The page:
What do you consider your greatest accomplishment?
This is still a work in progress since I am still raising three children with my wife. Years from know I hope I can look back and say that this was my greatest accomplishment.

What do you see as the greatest danger toward household pets?
Dental disease and obesity. I see both these health issues lead to significant disease on a daily basis.

What is the most exotic animal you have treated?
A coati mundi. Basically South America's version of a raccoon. In veterinary school I assisted with a black bear and a Siberian tiger...what an awesome animal!

What is your favorite comfort food?
I've never met a cheeseburger I did not like.

What is your biggest pet peeve?
Cigarette butts thrown from a car window.

Name 4 things people might be surprised to know about you:
I was charged by a brown bear once in Alaska
I was a college cheerleader
I am a pretty good snowboarder
I can still walk at least 20 yards in a hand stand

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Dr. Jessica Smith
Dr. Jessica Smith

Dr. Smith has been practicing veterinary medicine since graduating from the University of Wisconsin-Madison in 2004. Go Badgers! She has a special fondness for wellness care, dentistry, and internal medicine (especially ultrasound) but loves being a "jack-of-all-trades"! When not at work you can find her with her family which includes husband Patrick, children Alex, Nate, and Evelyn, and dog Cora, or in the pool forever trying to get faster! In what little spare time she has, she is sneaking in a good book, catching up on movies, or just enjoying the silence.

What made you want to become a vet?
I was always good at science and math and when you combine that with my love and respect for the human-animal bond, it was a no brainer.

What has been your most rewarding moment as a veterinarian?
L.T. - He was a cat who ate string and it perforated his intestines. I really didn't think he would make it during surgery. He definately had a rough few days, but he made it. And a few months later I saw his owner who said he went off to college with her daughter. I just remember thinking how great it felt to have been a part of helping to give him and his family those memories. And then hoping he doesn't gain weight at college.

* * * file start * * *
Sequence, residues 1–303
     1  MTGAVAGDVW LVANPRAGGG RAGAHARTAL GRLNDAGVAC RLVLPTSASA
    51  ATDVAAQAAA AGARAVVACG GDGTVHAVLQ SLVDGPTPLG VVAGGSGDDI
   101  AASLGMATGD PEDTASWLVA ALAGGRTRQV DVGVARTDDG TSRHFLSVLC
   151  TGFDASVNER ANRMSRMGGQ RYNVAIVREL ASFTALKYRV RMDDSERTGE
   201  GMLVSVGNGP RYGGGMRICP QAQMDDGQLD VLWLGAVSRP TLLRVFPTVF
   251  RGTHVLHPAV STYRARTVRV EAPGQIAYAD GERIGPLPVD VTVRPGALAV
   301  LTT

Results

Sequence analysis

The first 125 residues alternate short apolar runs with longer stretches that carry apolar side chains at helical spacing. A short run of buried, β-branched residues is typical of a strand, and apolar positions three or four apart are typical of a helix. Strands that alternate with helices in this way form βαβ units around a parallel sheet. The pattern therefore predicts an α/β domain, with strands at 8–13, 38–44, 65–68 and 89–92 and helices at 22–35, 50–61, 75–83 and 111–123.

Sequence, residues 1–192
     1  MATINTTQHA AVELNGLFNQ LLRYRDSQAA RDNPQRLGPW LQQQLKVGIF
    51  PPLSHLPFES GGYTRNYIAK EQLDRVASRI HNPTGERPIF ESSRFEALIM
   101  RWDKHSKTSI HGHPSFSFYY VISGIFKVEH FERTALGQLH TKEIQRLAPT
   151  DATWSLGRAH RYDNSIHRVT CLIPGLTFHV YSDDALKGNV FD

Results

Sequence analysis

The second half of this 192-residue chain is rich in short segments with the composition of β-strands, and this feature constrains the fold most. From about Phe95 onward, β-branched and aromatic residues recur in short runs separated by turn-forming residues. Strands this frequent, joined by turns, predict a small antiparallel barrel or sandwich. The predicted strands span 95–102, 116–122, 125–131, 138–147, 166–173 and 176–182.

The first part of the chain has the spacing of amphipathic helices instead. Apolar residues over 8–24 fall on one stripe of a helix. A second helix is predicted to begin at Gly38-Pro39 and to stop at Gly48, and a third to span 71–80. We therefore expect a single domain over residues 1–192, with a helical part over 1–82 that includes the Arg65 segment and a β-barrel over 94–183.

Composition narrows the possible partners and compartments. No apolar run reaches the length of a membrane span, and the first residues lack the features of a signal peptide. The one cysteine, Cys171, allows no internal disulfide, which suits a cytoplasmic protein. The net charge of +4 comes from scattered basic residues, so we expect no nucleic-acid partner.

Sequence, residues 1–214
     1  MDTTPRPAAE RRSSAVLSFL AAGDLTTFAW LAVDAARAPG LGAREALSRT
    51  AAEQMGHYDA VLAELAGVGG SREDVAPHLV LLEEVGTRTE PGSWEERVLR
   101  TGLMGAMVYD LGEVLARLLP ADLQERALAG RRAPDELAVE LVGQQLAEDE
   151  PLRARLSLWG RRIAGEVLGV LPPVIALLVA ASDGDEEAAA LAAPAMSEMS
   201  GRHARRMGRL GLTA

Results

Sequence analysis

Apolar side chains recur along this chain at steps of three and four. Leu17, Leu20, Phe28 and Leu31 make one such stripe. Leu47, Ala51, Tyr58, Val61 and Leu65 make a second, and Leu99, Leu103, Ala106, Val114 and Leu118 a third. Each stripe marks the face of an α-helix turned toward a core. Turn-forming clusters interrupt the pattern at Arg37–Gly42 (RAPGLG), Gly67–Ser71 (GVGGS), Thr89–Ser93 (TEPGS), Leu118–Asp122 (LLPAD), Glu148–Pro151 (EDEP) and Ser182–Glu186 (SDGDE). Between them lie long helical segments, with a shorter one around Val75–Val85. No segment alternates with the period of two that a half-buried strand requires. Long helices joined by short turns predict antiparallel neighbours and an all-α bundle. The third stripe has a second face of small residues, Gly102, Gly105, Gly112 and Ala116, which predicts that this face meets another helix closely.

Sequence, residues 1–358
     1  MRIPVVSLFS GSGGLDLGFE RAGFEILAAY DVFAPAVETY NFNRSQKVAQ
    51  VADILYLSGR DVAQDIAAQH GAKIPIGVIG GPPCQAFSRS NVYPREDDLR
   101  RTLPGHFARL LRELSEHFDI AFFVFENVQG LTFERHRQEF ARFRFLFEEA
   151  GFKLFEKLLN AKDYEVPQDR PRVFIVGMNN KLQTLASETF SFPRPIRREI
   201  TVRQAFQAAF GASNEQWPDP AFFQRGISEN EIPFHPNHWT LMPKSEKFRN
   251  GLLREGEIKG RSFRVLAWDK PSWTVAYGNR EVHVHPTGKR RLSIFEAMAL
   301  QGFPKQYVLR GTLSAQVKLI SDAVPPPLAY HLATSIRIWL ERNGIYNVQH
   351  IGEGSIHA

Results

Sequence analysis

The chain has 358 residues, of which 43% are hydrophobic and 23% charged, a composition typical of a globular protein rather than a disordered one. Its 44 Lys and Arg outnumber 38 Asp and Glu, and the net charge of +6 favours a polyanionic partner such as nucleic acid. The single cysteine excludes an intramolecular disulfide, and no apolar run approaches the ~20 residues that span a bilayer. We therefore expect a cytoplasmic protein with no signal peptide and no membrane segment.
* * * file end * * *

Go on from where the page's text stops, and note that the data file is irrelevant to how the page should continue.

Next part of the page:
If you weren't a vet, what would you do?
In my dream world, a movie critic or National Park Ranger out west. In reality, something more practical like a math teacher.

What animal scares you more than any other?
Spiders

What do you consider your greatest accomplishment?
My family of course!

What do you see as the greatest danger toward household pets?
For cats it's being allowed outside unsupervised. It can lead to diseases, wounds, and trauma that indoor cats do not have to face. And for dogs, it is being off leash outside. Every time I hear about a dog hit by a car, I am saddened to realize that it was most likely preventable.

What is the most exotic animal you have treated?
In vet school, a kangaroo!

What is your favorite comfort food?
Ice cream. Chocolate. With Oreos on top.
Now if you'll excuse me, I need to go to Culver's.

What is your biggest pet peeve?
Please don't make me answer this

Name 5 things people might be surprised to know about you:
1. I have been scuba diving with countless sharks at the Blue Hole in Belize.
2. I love to swim. Every September, I swim a 5K race in Lake Michigan along with other competitions when I have the time.
3. I hate mustard. On anything, at anytime. Can't even stand to smell the stuff!
4. I could watch nature shows on TV until my eyeballs fall out.
5. I am one of those rare people who enjoys what they do for a living.

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Dr. Erin Walsh
Dr. Erin Walsh

Dr. Walsh graduated from Purdue University in May 2010 with a degree in Animal Sciences and a minor in biology. She enjoyed her time at Purdue so much that she stayed for her Doctor of Veterinary Medicine degree as well. She graduated from vet school in 2014 and worked in a small animal clinic in the south suburbs for a year before coming to Companion Animal Hospital.